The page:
# Question About a light beam .

1. Aug 31, 2010

### xchaos01

The question is can a light beam cover more than 300,000km in 1 sec? (I do realize that there's a reason why "c" is called a constant...)

Or maybe I'm asking the wrong question.. if the light beam could leave marks on the surface it's hitting while the light beam is traveling, if the light beam starts covering more than 300,000km in a second, how would the marks on the surface look?

To better understand the setting I'm talking about, see pic:
[PLAIN]http://img693.imageshack.us/img693/9719/gc0001.jpg [Broken]
Confused TC is confused

Last edited by a moderator: May 4, 2017
2. Aug 31, 2010

### DaveC426913

Re: Question!! "About a light beam....."

Superluminal velocities are not uncommon, but they're not really meaningful.

The light "spot" only has meaning in our interpretation of it. No photon has moved faster than c.

Here's a simpler scenario:
I can shine a flashlight on the moon's left limb, then flick it super fast to its right limb. The spot of light will cross the moon's face in excess of c. But the spot is only conceptual. The photons that hit the left limb have no relation to the ones that hit the right limb. And they are all only traveling at c.

Another one:
I can fire a machine gun at a target 1/2 mile to the north, then swing it around in a half second till I'm firing it at a target half mile to the south. My "spot" of bullets will have moved from north to south at 30,000fps, even though no bullet is travelling faster than the muzzle velocity of 2,200fps.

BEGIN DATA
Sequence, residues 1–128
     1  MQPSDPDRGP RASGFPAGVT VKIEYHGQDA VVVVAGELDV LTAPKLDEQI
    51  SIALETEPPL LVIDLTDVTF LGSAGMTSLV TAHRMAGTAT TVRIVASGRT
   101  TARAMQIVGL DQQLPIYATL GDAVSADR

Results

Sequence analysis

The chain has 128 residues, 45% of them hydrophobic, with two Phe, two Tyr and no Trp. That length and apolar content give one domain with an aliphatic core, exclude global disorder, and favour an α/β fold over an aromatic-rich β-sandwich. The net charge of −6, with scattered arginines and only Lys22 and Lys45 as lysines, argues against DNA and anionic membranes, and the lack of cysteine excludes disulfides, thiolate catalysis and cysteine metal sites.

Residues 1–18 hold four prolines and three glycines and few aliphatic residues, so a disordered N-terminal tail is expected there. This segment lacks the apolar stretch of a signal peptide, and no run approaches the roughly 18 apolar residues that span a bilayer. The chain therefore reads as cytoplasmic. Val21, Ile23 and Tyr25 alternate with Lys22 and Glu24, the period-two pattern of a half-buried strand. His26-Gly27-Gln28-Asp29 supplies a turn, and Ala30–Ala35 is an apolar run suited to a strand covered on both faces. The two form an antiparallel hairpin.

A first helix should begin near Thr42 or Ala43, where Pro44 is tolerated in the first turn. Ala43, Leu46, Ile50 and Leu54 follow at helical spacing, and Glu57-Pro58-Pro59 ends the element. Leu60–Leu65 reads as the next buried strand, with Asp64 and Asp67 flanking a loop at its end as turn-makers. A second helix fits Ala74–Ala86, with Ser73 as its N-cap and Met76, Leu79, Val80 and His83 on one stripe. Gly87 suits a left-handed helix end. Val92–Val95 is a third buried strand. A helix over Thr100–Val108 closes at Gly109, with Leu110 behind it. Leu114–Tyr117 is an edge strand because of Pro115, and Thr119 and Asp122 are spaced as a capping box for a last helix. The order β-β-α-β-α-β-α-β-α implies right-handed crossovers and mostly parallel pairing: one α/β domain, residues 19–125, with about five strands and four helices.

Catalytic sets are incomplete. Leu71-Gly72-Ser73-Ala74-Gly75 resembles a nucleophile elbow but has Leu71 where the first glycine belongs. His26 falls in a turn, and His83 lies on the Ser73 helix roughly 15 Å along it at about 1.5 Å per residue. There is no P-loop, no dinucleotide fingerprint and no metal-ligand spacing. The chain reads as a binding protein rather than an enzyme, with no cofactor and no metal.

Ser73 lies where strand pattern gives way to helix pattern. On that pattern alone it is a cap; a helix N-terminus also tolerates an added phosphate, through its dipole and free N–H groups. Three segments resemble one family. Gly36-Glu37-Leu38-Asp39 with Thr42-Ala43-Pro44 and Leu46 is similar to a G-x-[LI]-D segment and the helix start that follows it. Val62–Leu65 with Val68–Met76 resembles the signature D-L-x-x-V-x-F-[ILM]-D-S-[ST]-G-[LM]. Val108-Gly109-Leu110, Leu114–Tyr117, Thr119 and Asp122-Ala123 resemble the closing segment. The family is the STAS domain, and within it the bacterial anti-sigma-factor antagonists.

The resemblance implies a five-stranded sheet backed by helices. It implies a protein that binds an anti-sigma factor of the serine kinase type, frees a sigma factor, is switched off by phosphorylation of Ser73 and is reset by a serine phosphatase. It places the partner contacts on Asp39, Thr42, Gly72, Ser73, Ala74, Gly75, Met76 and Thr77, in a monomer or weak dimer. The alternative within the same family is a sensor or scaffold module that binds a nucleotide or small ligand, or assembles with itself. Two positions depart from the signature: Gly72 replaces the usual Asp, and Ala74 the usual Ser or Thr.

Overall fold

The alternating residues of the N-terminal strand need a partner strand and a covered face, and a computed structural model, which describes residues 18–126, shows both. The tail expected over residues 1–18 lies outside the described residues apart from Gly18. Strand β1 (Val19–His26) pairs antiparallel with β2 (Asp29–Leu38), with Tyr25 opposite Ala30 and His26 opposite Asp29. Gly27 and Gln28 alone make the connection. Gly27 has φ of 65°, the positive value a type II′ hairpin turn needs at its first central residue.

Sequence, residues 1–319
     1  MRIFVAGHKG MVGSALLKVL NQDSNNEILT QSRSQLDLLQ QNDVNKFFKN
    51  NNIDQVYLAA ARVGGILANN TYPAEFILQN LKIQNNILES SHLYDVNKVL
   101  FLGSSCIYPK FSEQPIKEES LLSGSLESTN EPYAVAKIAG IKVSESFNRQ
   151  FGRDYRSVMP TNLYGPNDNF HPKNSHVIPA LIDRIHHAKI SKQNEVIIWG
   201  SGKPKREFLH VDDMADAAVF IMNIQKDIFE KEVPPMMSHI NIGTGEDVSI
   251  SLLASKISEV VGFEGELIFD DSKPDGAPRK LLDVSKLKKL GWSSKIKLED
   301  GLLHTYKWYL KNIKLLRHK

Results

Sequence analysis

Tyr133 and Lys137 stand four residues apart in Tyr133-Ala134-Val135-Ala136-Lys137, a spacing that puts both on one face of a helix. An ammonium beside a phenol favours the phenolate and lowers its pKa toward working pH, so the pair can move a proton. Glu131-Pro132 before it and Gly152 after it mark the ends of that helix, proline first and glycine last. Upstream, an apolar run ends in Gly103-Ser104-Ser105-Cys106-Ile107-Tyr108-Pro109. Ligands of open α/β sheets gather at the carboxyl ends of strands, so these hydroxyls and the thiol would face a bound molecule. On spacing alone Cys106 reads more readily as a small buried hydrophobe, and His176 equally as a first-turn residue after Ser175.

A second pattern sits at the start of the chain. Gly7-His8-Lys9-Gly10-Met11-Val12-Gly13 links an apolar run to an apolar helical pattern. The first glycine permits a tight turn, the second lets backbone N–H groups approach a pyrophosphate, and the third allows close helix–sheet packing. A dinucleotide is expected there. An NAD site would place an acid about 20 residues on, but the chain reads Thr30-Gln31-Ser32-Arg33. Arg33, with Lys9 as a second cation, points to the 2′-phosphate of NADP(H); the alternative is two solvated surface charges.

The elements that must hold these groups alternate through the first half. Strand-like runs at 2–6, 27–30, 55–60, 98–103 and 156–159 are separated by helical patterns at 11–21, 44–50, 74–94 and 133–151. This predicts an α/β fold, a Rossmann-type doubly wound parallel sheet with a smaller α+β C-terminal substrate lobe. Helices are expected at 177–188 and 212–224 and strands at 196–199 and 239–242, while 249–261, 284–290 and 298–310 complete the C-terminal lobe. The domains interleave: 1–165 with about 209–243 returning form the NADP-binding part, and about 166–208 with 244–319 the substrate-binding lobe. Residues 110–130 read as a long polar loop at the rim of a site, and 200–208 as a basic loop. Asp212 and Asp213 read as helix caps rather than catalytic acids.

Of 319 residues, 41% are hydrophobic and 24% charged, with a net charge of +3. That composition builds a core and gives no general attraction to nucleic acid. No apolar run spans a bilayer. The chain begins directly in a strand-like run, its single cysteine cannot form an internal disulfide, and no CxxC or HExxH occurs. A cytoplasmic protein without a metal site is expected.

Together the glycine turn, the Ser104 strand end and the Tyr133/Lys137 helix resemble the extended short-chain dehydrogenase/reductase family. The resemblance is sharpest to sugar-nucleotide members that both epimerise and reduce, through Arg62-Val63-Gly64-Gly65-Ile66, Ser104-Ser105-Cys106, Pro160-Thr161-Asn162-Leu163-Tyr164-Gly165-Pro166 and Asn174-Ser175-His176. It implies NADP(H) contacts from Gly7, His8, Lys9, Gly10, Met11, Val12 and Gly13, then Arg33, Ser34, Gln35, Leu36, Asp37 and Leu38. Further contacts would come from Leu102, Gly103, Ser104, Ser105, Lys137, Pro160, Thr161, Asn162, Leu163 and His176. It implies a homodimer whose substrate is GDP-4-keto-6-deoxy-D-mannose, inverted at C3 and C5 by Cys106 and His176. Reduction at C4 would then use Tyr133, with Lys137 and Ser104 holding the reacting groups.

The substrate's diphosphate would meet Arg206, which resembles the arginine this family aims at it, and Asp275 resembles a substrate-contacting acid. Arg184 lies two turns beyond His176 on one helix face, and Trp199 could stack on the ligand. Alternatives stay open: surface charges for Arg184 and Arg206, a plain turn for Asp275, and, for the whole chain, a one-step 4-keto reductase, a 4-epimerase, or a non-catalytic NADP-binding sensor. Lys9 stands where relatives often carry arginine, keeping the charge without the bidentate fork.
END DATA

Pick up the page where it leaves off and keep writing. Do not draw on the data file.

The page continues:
Fainter.

Just like the machine would spread its bullets out over the arc, so the laser would spread its photons. Fewer photons per unit distance = fainter light.

Last edited: Aug 31, 2010
3. Aug 31, 2010

### Staff: Mentor

Re: Question!! "About a light beam....."

Variations on your question come up rather frequently here. In fact, someone posted about it in the General Physics forum just yesterday!

The spot on the screen can move faster than c because it isn't a physical object. The individual photons in the beam travel radially outwards at c, in different directions.

Note that there is no way for a person sitting on the screen at one location to use this moving spot to send a message to someone at another location on the screen, without communicating somehow to the person at the center of the arc who is holding the laser.

4. Sep 1, 2010

### xchaos01

Re: Question!! "About a light beam....."

Yes, this analogy cleared up things for me, however does this mean that a light beam also has a "rate of fire"?

For example could we determine how many photons traveled through space in 1ms? given that we know the girth of the beam?

5. Sep 1, 2010

### Staff: Mentor

Re: Question!! "About a light beam....."

All you need to know is the power output of the laser, and the wavelength of the light that it emits.

Suppose the power output is one milliwatt. That means it emits 0.001 joule of energy per second. Suppose further that the wavelength $\lambda$ is 600 nm. Now you can calculate the energy per photon using

$$E = hf = \frac{hc}{\lambda}$$

and use that to convert "joules per second" to "photons per second."